Alabama Lottery and Racetrack Gaming Bill Is Defeated in the State Senate
A gambling bill which would have legalize a state lottery and expanded dog track betting died in the State Senate on Thursday. The bill faced an uphill battle the entire time, because it needed unanimous approval from the Senate to be moved forward.
That leaves little time in the regular session for a new initiative towards more gambling to take players. Lawmakers on both sides of the debate appear to have moved on to other issues. Had the new gaming laws gone into effect, it would have placed an additional $400 million in the state’s General Fund, which is facing a budget shortfall. Proponents said the bill would have created 11,000 new jobs and had an overall impact of $1.2 billion.
Del Marsh’s Gaming Bill
Senate President Pro Tem Del Marsh had supported the bill in the hopes he could jumpstart the Alabama economy by adding 11,000 new jobs. Opponents of the bill vowed to fight it every step of the way, for fear expanded gambling would bring corruption and misery to the state.
Proponents of Del Marsh’s proposal notes that all of the surrounding states have lottery gaming, while Mississippi has a firmly-established casino gambling industry. Thus, defeating Marsh’s bill only perpetuates a status quo in which Alabama gamblers drive across state lines and put their money into other states’ economies. Sen. Marsh’s bill would have brought casino-style gambling to the dog tracks in Birmingham, Mobile, Greene County, and Macon County.
CBS 8 Reporter Talks to the People
Ashley Thompson, a reporter for Alabama News Net, went to a local convenience store to get reactions from Montegomery residents. She spoke with Frederick James, a local citizen, who said, “I think the lawmakers should let the people vote.”
Ms. Thompsen said that was the prevalent attitude she got in her interviews with local residents. John Dijt, another resident, was quoted saying, “The state needs the money and if the money is used correctly, I’m all for a lottery. I sure am.”
Preston Collins, another of those surveyed, said: “I think they’re not worried about the education that it would provide for our kids.”
More Reactions on the News
Donna Smith, a Tuskegee resident, said that her area of the state needed the economic boost, after the closing of Victoryland. Mrs. Smith said, “We need that lottery. I think we need it here. Macon County, Greyhound racing. I mean, it brought a lot of jobs, a lot of things here.”
Darryl Smith, a native of New Jersey, said that Alabama could have followed a model other states had in funding the education system. Mr. Smith said, “In New Jersey, the lottery up there pays for free education for the kids, senior citizen programs, highways, roads.”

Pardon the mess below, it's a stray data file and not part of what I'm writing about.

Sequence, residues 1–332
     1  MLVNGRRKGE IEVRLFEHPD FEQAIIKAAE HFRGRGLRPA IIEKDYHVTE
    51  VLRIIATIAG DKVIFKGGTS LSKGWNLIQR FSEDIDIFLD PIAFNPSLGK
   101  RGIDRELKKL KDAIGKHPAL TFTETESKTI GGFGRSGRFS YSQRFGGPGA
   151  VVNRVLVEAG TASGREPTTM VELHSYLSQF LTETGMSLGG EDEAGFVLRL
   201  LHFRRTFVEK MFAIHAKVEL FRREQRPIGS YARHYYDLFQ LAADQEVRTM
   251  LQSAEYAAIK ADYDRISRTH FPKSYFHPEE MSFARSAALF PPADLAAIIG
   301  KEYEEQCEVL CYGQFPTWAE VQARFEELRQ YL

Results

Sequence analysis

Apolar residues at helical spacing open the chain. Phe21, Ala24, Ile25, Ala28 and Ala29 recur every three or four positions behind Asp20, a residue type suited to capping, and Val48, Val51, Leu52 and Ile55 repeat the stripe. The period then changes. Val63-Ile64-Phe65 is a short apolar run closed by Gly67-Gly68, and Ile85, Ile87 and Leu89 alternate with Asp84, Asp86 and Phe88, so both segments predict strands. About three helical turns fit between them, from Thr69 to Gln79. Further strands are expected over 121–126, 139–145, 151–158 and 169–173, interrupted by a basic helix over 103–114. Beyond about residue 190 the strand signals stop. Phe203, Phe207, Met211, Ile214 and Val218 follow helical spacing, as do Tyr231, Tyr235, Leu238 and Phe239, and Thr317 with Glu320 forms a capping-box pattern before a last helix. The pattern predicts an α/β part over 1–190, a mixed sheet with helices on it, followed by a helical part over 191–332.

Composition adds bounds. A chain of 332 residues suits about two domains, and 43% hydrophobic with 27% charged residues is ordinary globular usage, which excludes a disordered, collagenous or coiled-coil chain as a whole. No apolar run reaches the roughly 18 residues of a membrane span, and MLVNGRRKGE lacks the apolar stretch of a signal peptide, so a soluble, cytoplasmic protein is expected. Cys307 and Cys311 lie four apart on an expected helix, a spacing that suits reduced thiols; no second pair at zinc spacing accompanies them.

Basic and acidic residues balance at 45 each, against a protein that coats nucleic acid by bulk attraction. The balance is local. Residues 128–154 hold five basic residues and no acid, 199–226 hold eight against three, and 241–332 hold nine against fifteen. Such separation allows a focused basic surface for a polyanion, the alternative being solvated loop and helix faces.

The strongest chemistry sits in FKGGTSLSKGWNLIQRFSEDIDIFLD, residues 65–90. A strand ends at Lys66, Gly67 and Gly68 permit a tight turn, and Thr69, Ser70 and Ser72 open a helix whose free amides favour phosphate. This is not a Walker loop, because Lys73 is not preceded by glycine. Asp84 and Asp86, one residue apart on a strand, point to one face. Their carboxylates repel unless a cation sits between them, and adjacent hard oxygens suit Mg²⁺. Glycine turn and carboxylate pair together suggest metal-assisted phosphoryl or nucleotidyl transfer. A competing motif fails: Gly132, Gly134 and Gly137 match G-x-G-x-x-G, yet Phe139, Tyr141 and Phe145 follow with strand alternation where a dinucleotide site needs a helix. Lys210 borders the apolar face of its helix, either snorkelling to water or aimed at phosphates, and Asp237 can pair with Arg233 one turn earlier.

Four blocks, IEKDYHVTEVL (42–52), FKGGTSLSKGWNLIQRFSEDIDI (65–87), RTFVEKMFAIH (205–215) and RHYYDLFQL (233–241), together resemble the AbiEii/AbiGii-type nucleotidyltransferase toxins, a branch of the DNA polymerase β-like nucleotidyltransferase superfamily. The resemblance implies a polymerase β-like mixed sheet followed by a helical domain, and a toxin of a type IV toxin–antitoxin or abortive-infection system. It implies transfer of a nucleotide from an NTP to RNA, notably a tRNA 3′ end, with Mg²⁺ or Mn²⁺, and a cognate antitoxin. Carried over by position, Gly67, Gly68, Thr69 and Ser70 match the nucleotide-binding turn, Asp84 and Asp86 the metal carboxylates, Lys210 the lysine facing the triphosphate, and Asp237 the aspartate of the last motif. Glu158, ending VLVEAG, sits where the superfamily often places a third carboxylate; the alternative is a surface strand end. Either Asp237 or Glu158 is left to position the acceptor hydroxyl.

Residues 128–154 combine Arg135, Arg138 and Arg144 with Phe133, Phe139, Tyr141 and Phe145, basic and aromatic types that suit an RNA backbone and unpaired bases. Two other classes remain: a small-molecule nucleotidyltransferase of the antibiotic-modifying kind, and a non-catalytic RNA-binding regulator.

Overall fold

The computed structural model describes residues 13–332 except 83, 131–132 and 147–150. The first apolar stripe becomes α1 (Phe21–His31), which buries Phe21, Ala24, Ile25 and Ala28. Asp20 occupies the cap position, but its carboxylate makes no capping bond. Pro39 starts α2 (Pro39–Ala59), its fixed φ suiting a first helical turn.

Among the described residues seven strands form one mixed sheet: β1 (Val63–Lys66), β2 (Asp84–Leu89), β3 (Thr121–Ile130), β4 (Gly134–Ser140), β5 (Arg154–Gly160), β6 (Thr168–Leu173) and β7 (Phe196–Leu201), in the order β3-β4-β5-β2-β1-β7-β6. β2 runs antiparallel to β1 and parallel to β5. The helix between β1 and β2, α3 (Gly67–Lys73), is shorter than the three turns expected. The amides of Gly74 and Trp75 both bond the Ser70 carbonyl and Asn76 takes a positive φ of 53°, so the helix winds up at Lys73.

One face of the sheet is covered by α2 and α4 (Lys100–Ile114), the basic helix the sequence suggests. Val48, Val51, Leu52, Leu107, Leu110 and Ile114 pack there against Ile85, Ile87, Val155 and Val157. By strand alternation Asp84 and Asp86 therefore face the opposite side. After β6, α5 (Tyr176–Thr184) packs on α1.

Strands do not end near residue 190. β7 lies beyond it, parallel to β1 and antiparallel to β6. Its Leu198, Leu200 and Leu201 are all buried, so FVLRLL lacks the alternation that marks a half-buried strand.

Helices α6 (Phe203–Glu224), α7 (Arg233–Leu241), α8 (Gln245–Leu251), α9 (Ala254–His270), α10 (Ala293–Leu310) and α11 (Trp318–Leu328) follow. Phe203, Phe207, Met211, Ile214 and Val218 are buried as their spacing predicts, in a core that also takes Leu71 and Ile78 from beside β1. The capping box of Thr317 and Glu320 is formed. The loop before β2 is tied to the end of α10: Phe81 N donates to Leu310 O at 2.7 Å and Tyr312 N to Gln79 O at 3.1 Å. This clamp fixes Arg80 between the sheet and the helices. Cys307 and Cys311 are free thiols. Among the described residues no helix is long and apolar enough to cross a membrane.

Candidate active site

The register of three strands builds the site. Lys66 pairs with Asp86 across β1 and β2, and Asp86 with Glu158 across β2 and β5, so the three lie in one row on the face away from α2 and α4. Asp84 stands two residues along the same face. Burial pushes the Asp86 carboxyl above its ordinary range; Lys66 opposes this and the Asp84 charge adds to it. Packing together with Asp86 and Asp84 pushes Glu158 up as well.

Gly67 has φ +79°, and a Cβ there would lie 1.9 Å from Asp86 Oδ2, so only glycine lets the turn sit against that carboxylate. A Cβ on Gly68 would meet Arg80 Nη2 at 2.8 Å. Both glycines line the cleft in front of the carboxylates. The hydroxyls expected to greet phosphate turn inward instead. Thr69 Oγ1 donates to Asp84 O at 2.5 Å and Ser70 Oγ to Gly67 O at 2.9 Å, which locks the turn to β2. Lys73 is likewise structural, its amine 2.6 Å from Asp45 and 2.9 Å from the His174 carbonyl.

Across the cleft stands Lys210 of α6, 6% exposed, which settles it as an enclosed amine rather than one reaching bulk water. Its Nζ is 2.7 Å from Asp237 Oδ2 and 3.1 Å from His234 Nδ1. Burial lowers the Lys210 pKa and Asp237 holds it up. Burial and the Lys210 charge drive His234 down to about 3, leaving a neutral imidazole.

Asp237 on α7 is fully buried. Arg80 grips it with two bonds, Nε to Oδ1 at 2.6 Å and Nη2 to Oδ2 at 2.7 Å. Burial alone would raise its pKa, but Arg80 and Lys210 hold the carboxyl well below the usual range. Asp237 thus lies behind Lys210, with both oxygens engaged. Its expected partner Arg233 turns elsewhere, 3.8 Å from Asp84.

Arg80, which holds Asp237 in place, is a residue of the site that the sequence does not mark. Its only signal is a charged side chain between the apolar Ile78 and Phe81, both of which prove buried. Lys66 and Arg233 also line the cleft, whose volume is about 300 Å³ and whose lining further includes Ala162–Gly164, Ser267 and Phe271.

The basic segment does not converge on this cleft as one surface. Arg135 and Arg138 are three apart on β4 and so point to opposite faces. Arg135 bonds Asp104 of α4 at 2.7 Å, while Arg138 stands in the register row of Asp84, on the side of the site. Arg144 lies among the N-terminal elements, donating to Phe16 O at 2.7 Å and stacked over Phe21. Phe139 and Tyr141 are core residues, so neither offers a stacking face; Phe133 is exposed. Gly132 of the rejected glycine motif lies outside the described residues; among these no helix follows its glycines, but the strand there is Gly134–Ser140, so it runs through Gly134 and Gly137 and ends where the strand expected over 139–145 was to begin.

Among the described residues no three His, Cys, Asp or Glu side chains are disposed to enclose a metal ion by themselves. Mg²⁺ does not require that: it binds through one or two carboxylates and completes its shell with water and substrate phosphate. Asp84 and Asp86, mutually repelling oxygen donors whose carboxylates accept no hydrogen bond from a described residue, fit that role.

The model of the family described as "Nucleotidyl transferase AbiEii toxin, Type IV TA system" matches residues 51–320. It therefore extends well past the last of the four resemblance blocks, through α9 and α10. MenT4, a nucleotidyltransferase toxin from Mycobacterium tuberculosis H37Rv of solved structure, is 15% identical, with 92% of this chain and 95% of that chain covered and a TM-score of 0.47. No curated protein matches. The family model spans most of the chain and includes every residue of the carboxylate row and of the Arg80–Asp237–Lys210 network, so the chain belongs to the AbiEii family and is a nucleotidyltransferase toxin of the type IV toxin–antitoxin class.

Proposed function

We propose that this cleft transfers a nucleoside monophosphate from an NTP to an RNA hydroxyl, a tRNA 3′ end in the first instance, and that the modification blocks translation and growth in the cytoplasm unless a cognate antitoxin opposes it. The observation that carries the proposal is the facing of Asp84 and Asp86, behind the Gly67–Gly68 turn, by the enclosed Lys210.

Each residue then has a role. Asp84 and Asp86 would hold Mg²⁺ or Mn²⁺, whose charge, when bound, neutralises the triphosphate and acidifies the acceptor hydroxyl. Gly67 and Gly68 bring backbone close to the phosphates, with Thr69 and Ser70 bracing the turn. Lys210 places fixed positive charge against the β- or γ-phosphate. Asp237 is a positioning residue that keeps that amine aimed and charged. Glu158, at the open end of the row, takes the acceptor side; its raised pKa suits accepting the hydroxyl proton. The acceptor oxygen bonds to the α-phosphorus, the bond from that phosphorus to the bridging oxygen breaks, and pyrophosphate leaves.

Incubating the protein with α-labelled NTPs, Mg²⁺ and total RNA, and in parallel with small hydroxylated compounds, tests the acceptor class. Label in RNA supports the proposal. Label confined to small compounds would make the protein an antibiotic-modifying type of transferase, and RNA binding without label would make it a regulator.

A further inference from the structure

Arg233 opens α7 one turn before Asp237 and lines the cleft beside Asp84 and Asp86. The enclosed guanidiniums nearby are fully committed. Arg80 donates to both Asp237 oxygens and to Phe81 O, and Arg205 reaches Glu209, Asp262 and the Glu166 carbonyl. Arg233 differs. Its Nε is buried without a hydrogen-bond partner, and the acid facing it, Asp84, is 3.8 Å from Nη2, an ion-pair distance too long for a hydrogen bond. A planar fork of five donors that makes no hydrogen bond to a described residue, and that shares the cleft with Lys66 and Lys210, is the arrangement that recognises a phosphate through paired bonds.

Most of those who talked were more concerned that the gambling bill never received a fair hearing in the Alabama State Senate. Most would have preferred a statewide referendum on the state of gambling in Alabama. The idea that an obscure rule calling for unanimity killed the gambling bill was abhorrent to many.
Even had the bill received full consideration, the battle to enact a state lottery would have been difficult. Alabama is one of the five U.S. states without a lottery, marking it as one of the most anti-gambling states in the country. Two of the other states without a lottery–Utah and Hawaii–have a 100% ban on gambling.
In Alabama, a variety of interests were against the measure, from the social conservatives to the local gaming interests. Several faith-based groups proved instrumental in lobbying against the bill, much as they had the last time Alabama had considered a lottery in 1999.
Poarch Creek Indians Protected Monopoly
Robert McGhee, a spokesman for the Poarch Creek Band of Indians which owns three gaming facilities in Alabama, went before the State Senate to make a passionate appeal to defeat the bill. He told the Senators the plan to allow casino gambling at a minimum of 4 racetracks–and probably 7 of them–was “not good for the state of Alabama.”
McGhee said the Poarch Creek Indians “have a better approach“, which incidentally allows them to keep a virtual gambling monopoly in the state. That is one of the reasons many of Alabama’s residents said the killing of the bill was “politics as usual”, which was quoted in the Alabama Newsnet, which is affiliated with the Montgomery Channel 8 CBS News.
Never Had a Chance
In the end, the bill never had much chance of succeeding, due to the parliamentary approach to approval of the bill. Anyone familiar with US politics these past few years would know it would be hard to get a group of senators to agree on anything unanimously, much less a gaming bill in a traditionally conservative state.
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